The PDGFRB product consists of a 107kb probe, labelled in red, located centromeric to the PDGFRB gene, including the D5S2618 and D5S2619 markers and a green probe, covering a 154kb region telomeric to the PDGFRB gene, including the D5S2015 marker.
Rearrangements involving the PDGFRB (platelet derived growth factor receptor beta) gene at 5q32 are reported in both myeloid and lymphoid neoplasms.
In the 2008 World Health Organization (WHO) classification of myeloid neoplasms and acute leukaemia, a new subgroup of myeloid neoplasms was introduced: Myeloid and Lymphoid Neoplasms with Eosinophilia and Abnormalities of PDGFRA, PDGFRB or FGFR1. These neoplasms constitute three specific disease groups, with some shared features1.
The myeloid neoplasms with PDGFRB rearrangements are characterised by constitutive activation of the PDGFRB gene product1. The activation is most commonly caused by a t(5;12)(q31-q33;p13) translocation which results in an ETV6-PDGFRB fusion gene. Patients with this fusion have been shown to be responsive to tyrosine kinase inhibitors (TKIs)2, which specifically inhibits the kinase activity of PDGFRB.
In B-ALL, gene expression profiling has identified an unusual genetic subgroup, the BCR-ABL1-like or Philadelphia chromosome-like (Ph-like) ALL, which represents about 15% of paediatric ALL cases and has an unfavourable outcome3,4. Patients with this expression signature are characterised by genetic alterations, such as rearrangements, mutations and deletions of a range of kinase and cytokine receptors, including PDGFRB rearrangements. Known PDGFRB partners are EBF1 at 5q33, SSBP2 at 5q14, TNIP1 at 5q33 and ZEB2 at 2q22. It is crucial to detect such rearrangements, as patients could benefit from treatment with tyrosine kinase inhibitors (TKIs)3,4,5.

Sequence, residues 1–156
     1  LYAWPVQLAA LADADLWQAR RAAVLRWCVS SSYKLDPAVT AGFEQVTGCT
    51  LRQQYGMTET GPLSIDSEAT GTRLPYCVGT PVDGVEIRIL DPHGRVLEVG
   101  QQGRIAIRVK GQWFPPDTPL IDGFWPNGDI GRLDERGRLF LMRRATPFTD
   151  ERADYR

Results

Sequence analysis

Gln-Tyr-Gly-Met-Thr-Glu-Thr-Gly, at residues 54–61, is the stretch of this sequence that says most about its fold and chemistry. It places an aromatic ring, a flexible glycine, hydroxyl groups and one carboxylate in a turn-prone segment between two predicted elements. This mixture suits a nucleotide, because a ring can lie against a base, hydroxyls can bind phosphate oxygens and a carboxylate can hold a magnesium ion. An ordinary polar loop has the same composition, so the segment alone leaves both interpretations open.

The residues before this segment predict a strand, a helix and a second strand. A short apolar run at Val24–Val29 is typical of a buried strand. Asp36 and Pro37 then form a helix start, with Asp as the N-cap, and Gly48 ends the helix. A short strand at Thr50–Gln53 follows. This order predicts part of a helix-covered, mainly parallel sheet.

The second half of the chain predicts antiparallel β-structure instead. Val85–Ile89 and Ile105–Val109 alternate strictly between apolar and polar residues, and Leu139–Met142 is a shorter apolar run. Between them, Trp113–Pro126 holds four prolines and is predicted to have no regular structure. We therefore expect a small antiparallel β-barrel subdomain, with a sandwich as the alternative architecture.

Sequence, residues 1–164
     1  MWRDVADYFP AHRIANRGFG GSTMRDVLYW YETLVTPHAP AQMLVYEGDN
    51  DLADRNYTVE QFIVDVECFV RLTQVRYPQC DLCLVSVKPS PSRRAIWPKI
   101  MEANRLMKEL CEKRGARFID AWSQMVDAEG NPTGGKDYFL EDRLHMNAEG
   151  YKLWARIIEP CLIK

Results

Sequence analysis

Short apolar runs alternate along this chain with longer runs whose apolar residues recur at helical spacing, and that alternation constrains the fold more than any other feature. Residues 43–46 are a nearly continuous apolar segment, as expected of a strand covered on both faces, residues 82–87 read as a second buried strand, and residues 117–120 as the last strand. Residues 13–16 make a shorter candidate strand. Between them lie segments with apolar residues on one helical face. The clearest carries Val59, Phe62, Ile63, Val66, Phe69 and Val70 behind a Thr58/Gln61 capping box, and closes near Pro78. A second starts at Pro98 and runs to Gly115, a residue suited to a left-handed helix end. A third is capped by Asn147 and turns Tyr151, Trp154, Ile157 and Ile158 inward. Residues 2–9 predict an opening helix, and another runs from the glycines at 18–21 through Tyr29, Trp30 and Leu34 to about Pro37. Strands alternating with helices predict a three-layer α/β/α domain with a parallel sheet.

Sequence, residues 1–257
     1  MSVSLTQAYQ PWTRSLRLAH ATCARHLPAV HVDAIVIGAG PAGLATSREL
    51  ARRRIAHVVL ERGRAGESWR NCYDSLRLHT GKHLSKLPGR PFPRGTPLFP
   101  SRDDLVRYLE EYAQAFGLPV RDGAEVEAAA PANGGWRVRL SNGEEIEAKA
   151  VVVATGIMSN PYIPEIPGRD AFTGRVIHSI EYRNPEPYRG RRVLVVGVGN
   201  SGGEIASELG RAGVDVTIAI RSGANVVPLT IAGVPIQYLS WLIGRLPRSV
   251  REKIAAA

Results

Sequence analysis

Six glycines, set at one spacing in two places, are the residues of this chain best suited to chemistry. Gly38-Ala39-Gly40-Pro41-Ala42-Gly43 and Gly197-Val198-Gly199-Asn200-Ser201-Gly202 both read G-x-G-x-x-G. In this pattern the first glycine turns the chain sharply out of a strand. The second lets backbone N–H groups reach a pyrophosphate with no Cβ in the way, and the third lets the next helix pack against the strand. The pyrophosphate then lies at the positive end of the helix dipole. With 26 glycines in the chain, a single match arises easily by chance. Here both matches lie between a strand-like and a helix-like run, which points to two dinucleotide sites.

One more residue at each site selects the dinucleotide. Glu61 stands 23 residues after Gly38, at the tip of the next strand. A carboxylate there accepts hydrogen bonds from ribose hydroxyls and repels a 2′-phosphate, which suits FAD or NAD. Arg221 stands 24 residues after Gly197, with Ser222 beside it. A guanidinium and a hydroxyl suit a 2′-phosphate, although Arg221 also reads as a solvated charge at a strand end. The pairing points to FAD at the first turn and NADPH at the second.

I first came across CytoCell FISH probes in a previous lab I worked in and I was struck by the quality of the products. Since this time, I have been recommending and introducing CytoCell probes across all application areas — now they are the primary FISH probes used in our lab. They have an excellent range of products and their ready-to-use reagent format saves considerable time.
Medical Technologist, University of Arizona Health Network, USA